Amnesty International's November 'Write for Rights' Youth Webinars
This item has expired, and will soon be unavailable for viewing
Every year the global Amnesty movement focuses on 10 cases of people around the world who are under threat for standing up for what’s right.
People everywhere can write letters to people in authority – it could be a king, president or head of police – who can help make change happen.
Millions of solidarity letters and messages are sent to the people, and groups of people, we are fighting for.
All of these actions take place in November and December each year, culminating in a day of collective global action and celebration on the 10th of December - World Human Rights Day. Every year real change happens because of these letters and actions. People wrongfully imprisoned are released. Abusers are brought to justice. And people in prison are treated more humanely.
For Write for Rights 2021 we are hosting two webinars on two cases of young people, Rung a student activist in Thailand, and Mikita a young person detained without a fair trial in Belarus.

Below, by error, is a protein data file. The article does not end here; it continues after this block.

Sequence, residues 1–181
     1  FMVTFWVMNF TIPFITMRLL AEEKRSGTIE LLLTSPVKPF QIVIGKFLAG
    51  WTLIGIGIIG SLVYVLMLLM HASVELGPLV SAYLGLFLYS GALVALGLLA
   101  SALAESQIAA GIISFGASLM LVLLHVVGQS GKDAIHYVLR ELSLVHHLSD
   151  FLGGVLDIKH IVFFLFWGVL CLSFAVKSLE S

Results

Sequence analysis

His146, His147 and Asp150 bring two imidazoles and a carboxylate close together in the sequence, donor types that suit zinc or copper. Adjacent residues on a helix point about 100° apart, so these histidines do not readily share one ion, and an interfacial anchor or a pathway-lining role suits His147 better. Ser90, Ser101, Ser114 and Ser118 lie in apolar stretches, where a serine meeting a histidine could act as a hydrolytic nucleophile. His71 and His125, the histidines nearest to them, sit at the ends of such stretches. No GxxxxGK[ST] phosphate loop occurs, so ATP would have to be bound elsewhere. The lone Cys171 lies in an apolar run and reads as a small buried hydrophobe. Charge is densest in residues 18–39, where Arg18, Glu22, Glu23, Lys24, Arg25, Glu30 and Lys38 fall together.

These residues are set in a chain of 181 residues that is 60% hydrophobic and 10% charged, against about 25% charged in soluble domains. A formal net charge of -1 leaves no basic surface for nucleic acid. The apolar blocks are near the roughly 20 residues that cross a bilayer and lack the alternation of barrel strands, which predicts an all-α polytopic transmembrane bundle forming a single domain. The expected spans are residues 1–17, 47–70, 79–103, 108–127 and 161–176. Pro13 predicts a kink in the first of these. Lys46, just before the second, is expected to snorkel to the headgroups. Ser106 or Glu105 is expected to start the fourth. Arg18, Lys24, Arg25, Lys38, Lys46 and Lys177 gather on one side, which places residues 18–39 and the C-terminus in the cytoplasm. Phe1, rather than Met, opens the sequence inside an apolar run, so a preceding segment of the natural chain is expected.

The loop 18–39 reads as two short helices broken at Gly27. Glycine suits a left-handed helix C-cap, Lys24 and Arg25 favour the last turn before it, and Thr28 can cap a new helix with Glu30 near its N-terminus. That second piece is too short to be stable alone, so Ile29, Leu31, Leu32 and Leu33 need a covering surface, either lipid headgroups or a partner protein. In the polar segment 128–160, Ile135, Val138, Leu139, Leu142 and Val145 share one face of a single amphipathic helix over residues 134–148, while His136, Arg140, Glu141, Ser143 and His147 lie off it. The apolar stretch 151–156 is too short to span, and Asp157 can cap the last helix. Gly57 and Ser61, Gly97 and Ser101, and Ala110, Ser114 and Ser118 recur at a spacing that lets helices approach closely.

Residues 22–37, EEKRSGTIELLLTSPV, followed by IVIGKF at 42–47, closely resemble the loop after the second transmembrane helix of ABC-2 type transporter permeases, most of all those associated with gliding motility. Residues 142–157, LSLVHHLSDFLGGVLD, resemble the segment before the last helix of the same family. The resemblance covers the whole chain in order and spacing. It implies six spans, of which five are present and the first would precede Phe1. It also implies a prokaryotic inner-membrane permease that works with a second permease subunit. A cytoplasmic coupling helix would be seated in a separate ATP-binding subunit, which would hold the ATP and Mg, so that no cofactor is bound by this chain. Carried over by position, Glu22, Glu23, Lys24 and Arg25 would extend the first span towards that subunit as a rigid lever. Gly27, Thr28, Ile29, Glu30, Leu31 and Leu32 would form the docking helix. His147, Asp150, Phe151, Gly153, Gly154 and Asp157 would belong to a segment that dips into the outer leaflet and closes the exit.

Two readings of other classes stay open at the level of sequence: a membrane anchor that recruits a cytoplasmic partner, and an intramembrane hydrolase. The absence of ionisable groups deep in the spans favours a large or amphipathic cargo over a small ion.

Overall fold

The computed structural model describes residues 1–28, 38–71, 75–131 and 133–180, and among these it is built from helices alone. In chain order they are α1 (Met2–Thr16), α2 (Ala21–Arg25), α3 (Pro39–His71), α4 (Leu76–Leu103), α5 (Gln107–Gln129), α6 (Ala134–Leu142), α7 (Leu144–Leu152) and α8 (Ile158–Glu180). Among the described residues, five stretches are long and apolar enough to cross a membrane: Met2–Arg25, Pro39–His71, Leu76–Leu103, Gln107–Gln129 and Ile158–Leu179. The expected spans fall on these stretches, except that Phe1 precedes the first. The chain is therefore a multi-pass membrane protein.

There will be time to ask questions, learn about how to take action on these and other cases, and how to bring these action ideas to schools and communities.
The aim is to bring young people and educators together to learn, connect and act for human rights – creating impact for these young people who are disappeared, harassed, and imprisoned unjustly around the world.
These webinars are aimed at young people and educators in secondary schools and 3rd level colleges.
Date: Monday 22nd November
Time: 12.05pm to 12.55pm
Rung Panusaya, a leading voice in Thailand's youth democracy movement, will be joining us to speak about her activism leading protests for social and political change.
She is facing a life sentence for peaceful student protesting. "Once you step into the prison; you will no longer feel that your humanity is still intact," she says.
Watch the case video here.
Date: Tuesday 30th November
Time: 1.05pm - 1.55pm
This webinar focuses on the case of Mikita Zalatarou in Belarus. He is 17 years old, and is currently imprisoned without a fair trial, after being beaten and tortured.
Amnesty campaigners and activists for Belarus, Ukraine and Moldova will speak about Mikita's case and the human rights situation in Belarus.
Until recently, Mikita Zalatarou was a typical teenager. He liked playing Minecraft and listening to rap music. Today, the 17-year-old who also has epilepsy has been cast into a world worse than Minecraft’s hellish Nether.